It took a brilliant, adventurous chemist to discover the simplest way to make chocolate mousse at home.
"I invented it — but it was so easy, I'm embarrassed!" Hervé This told Wired magazine in 2007.
He also invented the study of (and the very phrase) molecular gastronomy. But his book of the same name doesn't read like a science manual and, as far as I know, nothing gets spherified.
The book instead is about simple, scientific surprises and improvements in home cooking. He explains everything from getting crisp skin on a roast chicken (don't baste with the juices) to whether gnocchi are truly done when they bob to the surface (not necessarily).
... And how to make a flawless, creamy chocolate mousse out of just chocolate and water. Oh yes he did.
It's just like whipping cream: Heavy cream (itself an emulsion of milk fats and water) froths up readily when whisked in a chilled bowl, right? So all you have to do is aim for a ratio of water to fat (cocoa butter here) that mimics that of whipping cream. (And what of emulsifiers, you ask? The lethicin in chocolate does the trick.)
Melt the chocolate and water together, cool it over an ice bath, and whisk till you have mousse. Still baffled? Watch Heston Blumenthal pull it off in the video below, which was sent to me by two different, equally excited FOOD52ers, Cade and drbabs.
Like other emulsions (vinaigrette, aioli), it works as if by magic. As you whisk, microscopic bits of water get suspended in the fat, thickening it and making it seem creamier. Then still more air is whipped into it and the cooling chocolate crystallizes around the air bubbles to make a remarkably stable foam, a.k.a. mousse.
The best thing about it — aside from its dumb-founding magicalness — is that it tastes like pure, unobstructed chocolate. There's no cream or egg to confuse the issue, like in normal mousses. (It also happens to be vegan, if you use dark chocolate without any added milk.)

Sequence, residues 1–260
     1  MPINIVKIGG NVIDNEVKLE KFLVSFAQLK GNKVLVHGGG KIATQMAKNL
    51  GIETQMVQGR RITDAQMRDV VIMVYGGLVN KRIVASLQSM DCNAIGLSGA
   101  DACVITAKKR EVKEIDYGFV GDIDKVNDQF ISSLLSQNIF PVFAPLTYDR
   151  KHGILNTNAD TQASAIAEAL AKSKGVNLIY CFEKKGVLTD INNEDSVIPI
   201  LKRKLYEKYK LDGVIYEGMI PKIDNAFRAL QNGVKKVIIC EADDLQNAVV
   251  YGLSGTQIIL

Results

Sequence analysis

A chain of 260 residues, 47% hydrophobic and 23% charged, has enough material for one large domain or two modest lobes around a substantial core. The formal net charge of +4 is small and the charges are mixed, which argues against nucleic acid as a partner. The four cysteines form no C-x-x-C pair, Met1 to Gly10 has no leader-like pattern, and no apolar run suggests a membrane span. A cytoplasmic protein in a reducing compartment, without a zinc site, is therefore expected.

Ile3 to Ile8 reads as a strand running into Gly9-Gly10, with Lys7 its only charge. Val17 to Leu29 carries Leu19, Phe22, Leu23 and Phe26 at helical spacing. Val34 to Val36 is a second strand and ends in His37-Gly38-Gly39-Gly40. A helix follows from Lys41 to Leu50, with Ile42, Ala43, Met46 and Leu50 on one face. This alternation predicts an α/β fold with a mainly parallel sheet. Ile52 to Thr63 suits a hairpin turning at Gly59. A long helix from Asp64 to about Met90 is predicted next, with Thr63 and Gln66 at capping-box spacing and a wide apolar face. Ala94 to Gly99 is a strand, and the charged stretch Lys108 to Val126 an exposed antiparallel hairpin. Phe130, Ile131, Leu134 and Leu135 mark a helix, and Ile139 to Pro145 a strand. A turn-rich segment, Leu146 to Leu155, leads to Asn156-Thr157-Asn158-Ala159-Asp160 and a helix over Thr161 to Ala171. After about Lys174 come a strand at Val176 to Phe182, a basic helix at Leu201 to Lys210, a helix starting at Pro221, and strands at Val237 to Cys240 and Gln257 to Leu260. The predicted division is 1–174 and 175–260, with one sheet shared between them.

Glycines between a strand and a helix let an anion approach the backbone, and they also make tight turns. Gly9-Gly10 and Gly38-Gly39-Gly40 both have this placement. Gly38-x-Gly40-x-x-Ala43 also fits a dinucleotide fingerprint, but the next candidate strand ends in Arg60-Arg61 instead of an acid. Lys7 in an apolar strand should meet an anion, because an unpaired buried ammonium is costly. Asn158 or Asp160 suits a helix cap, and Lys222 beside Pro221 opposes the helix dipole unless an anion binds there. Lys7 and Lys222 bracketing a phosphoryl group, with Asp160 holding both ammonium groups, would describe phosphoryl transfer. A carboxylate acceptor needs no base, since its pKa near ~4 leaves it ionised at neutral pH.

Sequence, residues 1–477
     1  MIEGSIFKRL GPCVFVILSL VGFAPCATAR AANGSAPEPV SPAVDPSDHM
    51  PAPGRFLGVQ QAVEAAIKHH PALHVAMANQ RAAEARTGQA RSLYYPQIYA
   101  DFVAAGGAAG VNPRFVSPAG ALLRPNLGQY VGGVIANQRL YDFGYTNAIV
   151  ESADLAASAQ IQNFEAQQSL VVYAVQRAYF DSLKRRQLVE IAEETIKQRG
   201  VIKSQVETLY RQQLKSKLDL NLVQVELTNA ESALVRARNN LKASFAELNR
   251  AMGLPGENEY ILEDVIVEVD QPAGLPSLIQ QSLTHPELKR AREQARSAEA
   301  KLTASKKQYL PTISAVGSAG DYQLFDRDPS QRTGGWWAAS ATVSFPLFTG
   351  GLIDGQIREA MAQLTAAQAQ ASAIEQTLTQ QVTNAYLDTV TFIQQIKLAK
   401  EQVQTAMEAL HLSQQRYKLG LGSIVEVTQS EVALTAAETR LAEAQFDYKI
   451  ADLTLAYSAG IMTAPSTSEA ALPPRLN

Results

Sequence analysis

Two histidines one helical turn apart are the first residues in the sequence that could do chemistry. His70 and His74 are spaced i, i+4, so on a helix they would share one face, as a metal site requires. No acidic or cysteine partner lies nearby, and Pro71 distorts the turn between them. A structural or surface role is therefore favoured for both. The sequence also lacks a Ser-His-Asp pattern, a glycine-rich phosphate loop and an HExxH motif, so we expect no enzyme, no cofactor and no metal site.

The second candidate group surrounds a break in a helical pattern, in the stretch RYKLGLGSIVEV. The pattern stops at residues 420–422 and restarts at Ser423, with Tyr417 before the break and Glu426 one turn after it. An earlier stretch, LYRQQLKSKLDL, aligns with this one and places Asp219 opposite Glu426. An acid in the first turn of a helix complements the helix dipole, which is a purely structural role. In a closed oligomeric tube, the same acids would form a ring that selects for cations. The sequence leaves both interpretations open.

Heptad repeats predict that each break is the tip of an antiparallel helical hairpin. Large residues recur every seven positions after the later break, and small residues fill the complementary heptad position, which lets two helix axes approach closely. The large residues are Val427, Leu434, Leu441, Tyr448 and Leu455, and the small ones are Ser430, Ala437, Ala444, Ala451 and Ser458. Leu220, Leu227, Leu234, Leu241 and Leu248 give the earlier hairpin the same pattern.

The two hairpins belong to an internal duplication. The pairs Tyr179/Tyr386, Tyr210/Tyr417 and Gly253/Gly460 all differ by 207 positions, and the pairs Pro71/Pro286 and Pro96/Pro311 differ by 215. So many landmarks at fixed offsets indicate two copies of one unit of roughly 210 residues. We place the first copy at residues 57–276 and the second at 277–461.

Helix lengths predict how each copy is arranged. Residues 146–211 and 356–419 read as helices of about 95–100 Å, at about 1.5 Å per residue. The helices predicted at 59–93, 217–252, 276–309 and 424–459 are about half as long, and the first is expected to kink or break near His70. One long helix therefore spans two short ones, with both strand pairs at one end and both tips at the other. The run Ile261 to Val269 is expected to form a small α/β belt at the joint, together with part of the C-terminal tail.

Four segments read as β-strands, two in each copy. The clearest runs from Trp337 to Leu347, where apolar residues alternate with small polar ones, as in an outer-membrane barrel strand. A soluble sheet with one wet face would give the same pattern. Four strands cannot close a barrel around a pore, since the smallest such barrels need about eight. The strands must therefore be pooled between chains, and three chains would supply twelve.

You can get all kinds of different textures, by stopping at different points as you whisk:
1) For a mod, flat-topped look, like sexy pot de creme: pour it into ramekins while it's thickened, but still a bit warm.
2) When it gets to the texture of thick pudding, you can spoon it into a glass parfait-style, like little chocolate snowdrifts (as in our photos). At this stage, our Assistant Editor Nozlee Samadzadeh has also used it to frost a cake.
3) Whip it just a bit further for something fluffy you can ball up in an ice cream scoop, if that's what you're going for. Beyond this, and it gets crumbly and dry (though still tasty).
This all happens fast as the mixture cools, so chances are you'll go too far on your first try. But if this happens, Mr. This is unfazed — just return it to the pan, melt it, and start over. (It's even easier than saving overwhipped cream, which he's also figured out.)
Once you have the rhythm down, you can flavor it as you wish with liqueurs or coffee or spices, sweeten it to your liking, or just keep it dark and intense. In all of these scenarios, a little whipped cream up top is never a bad idea.
Hervé This' Chocolate Mousse
Adapted from Molecular Gastronomy: Exploring the Science of Flavor (Columbia University Press, 2008)
8 ounces chocolate (we used 70% bittersweet — choose a high quality chocolate you love)
3/4 cup (6 ounces) water
freshly whipped cream for topping (optional)
See the full recipe (and save and print it here).
Got a genius recipe to share—from a classic cookbook, an online source, or anywhere, really? Please send it my way (and tell me what's so smart about it) at [email protected].
Photos by James Ransom.
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